House of Treasure – when you exit Pirates of the Caribbean, before the sombrero stand- where everyone tried on and took a picture, but no one bought one. Interior space to the right of the outside market. It had the coolest pirate merchandise. Then was refurbished to do the pirate makeovers.
Disney MGM Studios- the gas station off to the right sold film and soda. It is now stoller rental. On the opposite side in a building that looked like a house. Sid Kohenga’s One of a Kind up until 2013. It sold one of a kind movie memorabilia (Tom Hanks watch from Turner & Hooch) and autographs. It then became a service station for My Magic Plus. They once had props from TRON. They had from Terminator 2, the impact bullet points from when Robert Patrick got shot. It was a dumping ground for Disney publicity stuff. Roger Rabbit posters, One sheets from the classic Disney forms, dayglo posters from Fantasia, press kits from the Touchstone movie. 8×10 publicity shots from Disney movies. Shots from Man In Space, great shots of the actors and the animation. Perry The Squirrel Stills from Victory from Air Power, Stills from the Magic of WDW, nice pics from the Three Caballeros.
No film restoration discussion this month.
This was a new thing for us, we had live on the air call-ins from some of our biggest fans. These listeners called in to discuss their favorite souvenirs and also reminisce about some of the classics. Thank you so much to Paula, Keith, and Joe for participating and taking time out of your evening to share your gems!
Paula from South of Houston – First visit in 1972, 1976, drove there. Dad collected little miniature liquor bottles. Traitor Jacks Grog Shop (Polynesian) & Village Spirits (LBV) still with price tags. Favorite shop from The House of Magic on Main Sreet– skull piggy bank from the early 80’s. Magic trick toys. EPCOT t-shirt still in the bag possibly from the gateway in the mid 1980’s the price way $7.50. The striped colored EPCOT license plate, the Magic Kingdom still in the bag. Also the 1971 Blue license plate. Fort Wilderness bumper stickers from the Trading Post, Musket Mickey. Contemporary Resort napkins. And tons of match books, soaps, and tickets. Passport tickets that had string around your neck. You were supposed to wear the passport because there were also tickets.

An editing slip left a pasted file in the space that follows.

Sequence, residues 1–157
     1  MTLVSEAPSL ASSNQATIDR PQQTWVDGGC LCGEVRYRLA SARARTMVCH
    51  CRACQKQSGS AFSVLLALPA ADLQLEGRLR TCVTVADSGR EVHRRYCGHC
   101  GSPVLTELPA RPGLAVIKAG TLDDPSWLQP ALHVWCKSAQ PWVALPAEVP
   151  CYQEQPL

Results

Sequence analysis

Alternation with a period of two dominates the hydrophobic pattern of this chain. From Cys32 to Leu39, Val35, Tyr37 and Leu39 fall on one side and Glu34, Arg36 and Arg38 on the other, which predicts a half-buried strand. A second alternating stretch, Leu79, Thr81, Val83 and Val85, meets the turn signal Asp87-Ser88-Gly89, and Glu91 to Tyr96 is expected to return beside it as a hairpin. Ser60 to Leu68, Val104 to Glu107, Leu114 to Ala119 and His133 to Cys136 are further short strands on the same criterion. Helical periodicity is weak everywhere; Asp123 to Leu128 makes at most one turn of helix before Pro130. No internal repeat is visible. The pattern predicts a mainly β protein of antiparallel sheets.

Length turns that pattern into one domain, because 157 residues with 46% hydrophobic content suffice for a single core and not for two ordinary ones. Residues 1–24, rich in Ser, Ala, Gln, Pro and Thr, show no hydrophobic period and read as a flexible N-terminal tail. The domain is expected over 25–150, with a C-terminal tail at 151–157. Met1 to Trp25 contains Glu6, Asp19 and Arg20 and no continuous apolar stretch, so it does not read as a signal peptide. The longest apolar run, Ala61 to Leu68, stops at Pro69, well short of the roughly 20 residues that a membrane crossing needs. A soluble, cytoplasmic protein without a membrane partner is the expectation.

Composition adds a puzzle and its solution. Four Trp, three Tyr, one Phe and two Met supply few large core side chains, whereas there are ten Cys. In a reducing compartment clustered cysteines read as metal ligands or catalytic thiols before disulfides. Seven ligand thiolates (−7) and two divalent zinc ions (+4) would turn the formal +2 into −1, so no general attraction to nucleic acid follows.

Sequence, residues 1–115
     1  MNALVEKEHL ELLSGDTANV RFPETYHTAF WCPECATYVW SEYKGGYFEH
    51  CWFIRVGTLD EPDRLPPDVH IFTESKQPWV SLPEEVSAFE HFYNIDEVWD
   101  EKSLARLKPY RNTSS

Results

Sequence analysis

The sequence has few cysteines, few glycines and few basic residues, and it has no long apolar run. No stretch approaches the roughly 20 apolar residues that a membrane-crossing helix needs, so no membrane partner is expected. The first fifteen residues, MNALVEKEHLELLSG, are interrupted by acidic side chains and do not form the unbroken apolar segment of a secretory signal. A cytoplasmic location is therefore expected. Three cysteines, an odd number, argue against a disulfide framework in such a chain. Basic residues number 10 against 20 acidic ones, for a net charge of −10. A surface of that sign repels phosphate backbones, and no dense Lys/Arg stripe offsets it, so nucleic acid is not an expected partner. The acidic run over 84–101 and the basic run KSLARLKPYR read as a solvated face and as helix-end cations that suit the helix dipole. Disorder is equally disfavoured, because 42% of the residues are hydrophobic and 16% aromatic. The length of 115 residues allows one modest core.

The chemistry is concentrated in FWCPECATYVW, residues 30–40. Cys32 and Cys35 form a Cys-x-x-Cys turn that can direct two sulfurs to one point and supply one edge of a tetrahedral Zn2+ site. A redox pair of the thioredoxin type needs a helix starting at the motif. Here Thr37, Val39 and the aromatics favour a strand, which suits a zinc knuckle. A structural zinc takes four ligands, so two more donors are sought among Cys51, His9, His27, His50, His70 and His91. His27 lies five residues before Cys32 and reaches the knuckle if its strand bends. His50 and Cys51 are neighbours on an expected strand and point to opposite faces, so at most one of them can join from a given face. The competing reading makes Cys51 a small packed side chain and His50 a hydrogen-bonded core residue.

Keith Schneider from Downingtown, PA- Been a Disney fan since 1978. Blue pennant from the 10th anniversary which has the globe with the ears. Two figment PVC figures- 1982- one with gold pot & a rainbow and 1 holding spaceship earth. Thirty license plates. WD productions, white with pictures & characters. EPCOT Center the newest wonder on the world with the rainbow. Mickey Mouse with the 15 year anniversary logo. Backscratchers with the old logo. The gold coins in plastic sleeves- WDW, castle with monorail. Mickey in the middle with the lands. Disney MGM Studios- Opening Spring 1989. Button collection from before pins. The oldest one mickey mouse – Walt Disney Enterprises, Living Seas – Sea Base Alpha, the EPCOT pin with the characters in the space suits.